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Gas market braces for slump as it eyes record flow from Russia
EUROPEAN natural gas prices look set to fall for the first time in four years in 2019 as buyers keep a close eye on flows from Russia that reached a record last year.
With a healthy amount of fuel in storage after a mild start to this winter, the outlook is bearish. That's being exacerbated by an expected increase in imports, which would help offset declining production in the region. While Russia intends to maintain its grip on about 40 per cent of the European market, fluctuations in that dependency will be closely monitored.
"The question is how much gas Russia ends up delivering into the European markets - that will be a key determinant," said Murray Douglas, research director for European gas at Wood Mackenzie Ltd. "Russia expressed publicly that it wants to keep deliveries. That could generate a real collapse in prices in the summer months, when we will see a big LNG supply."
The Dutch next-month gas contract is expected to end 2019 at 22 euros (S$34) a megawatt-hour, according to the median of seven analysts surveyed by Bloomberg. That's a bit below the average of 22.28 euros during 2018 and well below the peak for the year of more than 29 euros.
Kremlin-backed energy giant Gazprom PJSC reported a record 201 billion cubic metres of natural gas exports to Europe in 2018 and plans to maintain those volumes into 2020. Exports were up 2 per cent in the year through Dec 15.
There are questions whether Russia will be able to follow through on that ambition later in the year when a flood of liquefied natural gas is set to enter European markets. Europe's LNG imports are expected to increase by 14 per cent to 56 billion cubic metres, according to Morgan Stanley, after achieving records over the past month. Russia could follow the initial plan focusing on its market share, or it could decide to protect prices, putting the brakes on exports.
"Russia's strategy will always have a big influence in the natural gas market," said Vattenfall AB's head of gas trading, Guy Smith. "I have the impression that we will always see Russian gas flowing to Europe. The question is how much. We will probably see an increase on exports from Russia, or at least the same level of exports."
Europe is an easy destination for spare LNG cargoes thanks to its numerous terminals, liquid trading hubs and a sophisticated transportation network. And global production of the super-chilled fuel is on the rise.
Russia's Novatek PJSC is ramping up production from its third production line at its Yamal plant in the Arctic. In the US, Cheniere Energy Inc began output from its second plant, Corpus Christi, and started a fifth unit at its Sabine Pass export facility. Wood Mackenzie says a record amount of capacity is set to start this year, boosting LNG's importance in global gas markets.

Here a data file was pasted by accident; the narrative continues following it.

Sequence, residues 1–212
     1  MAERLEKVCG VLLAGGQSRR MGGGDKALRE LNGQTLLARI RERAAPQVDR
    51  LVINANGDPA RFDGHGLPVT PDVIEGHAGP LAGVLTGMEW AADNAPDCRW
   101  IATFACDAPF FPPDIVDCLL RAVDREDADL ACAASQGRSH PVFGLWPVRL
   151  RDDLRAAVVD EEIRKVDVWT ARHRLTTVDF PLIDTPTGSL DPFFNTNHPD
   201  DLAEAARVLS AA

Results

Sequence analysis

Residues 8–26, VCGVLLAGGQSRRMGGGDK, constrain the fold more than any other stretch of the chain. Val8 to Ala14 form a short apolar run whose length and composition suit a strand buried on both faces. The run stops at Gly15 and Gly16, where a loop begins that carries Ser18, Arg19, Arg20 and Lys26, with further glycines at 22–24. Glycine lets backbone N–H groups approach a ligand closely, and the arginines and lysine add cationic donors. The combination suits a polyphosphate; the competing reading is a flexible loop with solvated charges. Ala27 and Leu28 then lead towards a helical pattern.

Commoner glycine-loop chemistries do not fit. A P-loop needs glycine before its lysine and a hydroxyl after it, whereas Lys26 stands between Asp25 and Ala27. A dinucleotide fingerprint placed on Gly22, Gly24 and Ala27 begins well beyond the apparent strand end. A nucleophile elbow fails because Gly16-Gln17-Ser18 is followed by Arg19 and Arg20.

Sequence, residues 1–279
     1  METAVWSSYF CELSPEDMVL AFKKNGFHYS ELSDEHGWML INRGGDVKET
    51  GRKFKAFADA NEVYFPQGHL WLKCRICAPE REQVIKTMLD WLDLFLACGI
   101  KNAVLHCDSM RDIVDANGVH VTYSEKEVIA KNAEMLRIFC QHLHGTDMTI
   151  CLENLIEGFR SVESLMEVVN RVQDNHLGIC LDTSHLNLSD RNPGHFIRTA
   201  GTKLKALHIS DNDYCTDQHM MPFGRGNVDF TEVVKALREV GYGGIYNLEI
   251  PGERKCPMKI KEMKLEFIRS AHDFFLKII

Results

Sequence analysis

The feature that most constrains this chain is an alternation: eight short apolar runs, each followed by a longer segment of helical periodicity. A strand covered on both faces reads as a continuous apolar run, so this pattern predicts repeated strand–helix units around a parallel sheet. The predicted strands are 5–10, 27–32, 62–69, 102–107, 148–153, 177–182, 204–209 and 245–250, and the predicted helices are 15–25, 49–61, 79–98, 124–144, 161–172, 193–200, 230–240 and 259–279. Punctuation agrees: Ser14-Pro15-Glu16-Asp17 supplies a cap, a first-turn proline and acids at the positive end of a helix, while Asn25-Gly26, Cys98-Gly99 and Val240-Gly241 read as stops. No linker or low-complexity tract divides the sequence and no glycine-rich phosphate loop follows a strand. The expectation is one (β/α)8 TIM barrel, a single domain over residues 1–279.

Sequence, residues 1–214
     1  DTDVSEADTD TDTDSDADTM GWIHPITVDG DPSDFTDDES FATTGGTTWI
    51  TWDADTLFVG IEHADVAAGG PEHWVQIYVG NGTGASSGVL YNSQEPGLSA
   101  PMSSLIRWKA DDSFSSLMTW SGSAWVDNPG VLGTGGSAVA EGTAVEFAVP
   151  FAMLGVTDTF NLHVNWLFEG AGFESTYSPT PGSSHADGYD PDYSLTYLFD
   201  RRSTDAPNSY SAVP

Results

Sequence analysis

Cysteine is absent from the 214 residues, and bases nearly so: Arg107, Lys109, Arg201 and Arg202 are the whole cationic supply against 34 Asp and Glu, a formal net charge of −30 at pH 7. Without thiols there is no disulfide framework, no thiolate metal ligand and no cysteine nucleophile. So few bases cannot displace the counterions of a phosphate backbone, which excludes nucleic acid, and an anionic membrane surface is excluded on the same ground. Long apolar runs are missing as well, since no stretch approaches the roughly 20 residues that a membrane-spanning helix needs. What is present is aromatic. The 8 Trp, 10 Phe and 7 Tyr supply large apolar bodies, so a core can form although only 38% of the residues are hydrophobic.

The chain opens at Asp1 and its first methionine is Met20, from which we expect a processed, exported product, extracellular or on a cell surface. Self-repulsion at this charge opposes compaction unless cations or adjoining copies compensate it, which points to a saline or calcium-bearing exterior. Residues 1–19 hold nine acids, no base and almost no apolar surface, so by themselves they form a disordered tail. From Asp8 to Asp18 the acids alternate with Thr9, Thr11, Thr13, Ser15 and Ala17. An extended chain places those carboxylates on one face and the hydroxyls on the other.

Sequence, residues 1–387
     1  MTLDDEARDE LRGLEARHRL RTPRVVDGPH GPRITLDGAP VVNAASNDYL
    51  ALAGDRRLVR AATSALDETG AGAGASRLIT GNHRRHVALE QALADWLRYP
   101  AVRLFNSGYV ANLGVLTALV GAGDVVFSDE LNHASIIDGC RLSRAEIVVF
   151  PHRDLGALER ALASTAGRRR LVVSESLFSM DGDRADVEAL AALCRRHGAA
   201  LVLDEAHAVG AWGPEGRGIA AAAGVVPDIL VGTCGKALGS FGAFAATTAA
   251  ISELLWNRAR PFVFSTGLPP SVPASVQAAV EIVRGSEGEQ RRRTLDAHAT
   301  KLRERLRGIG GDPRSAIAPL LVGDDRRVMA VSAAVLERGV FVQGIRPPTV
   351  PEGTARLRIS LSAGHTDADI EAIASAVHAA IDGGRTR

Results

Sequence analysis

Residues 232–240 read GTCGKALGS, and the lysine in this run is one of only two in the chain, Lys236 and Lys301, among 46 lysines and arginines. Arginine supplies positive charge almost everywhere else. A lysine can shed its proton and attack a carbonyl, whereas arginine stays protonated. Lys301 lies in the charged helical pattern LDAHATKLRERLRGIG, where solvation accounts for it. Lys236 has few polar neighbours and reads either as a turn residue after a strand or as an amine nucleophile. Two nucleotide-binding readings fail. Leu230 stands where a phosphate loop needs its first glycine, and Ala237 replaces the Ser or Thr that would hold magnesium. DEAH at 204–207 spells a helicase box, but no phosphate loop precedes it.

Not only the rise of LNG volumes, but also more flexible contracts that allow cargoes to go to the highest priced destinations, is turning trading into a more active business and increasing the market liquidity, according to John Twomey, who leads Bloomberg NEF's European power and natural gas analysis team.
"A huge wave of LNG in Europe is pushing the natural gas market," said Mr Twomey. "The willingness of the US to sign deals that are not destination-defined are also reframing the market."
Gazprom in Moscow and the Kiev-based natural gas company NJSC Naftogaz Ukrainy have argued for years over transit fees linked to a 2009 gas-shipment contract that expires this year.
Gazprom aims to cut its dependence on Ukraine, which transports almost half of Russian flows into western Europe. Its plan is to build new export pipelines through the Baltic and the Black Seas by the end of this year - including the controversial Nord Stream 2 link.
"We need to see an agreement in the summer," said Jonathan Stern, a senior research fellow at Oxford Institute for Energy Studies. "We still see very substantial volumes going through Ukraine, so there are no big changes in prices. If they don't come to some agreement on the transit, we can see prices going up, giving the uncertainties."
Although the general expectation is for a mild winter, which would damp gas demand, there is still a risk that there will be a cold snap at the end of the heating season. A rare weather event known as sudden stratospheric warming is possible by the end of February, according to Vattenfall's Mr Smith. That could see a repetition of last February's "beast from the east", a high pressure area, which drew cold air from Siberia across Europe and helped boost gas prices to a record.
"The question will be how much storage Europe has in order to meet an unseasonable cold event? If we see more prolonged cold period then predicted, the reaction will be very fast," Mr Smith said.
Carbon is expected to extend a rally that saw its price more than triple last year. That makes natural gas more competitive against dirtier coal in power generation.
"The market will be looking at what happens to coal and carbon prices very closely," said Wood Mackenzie's Mr Douglas.
"Higher carbon prices may help spur gas demand, but increased LNG supply could offset the effects," BNEF's Mr Twomey said. BLOOMBERG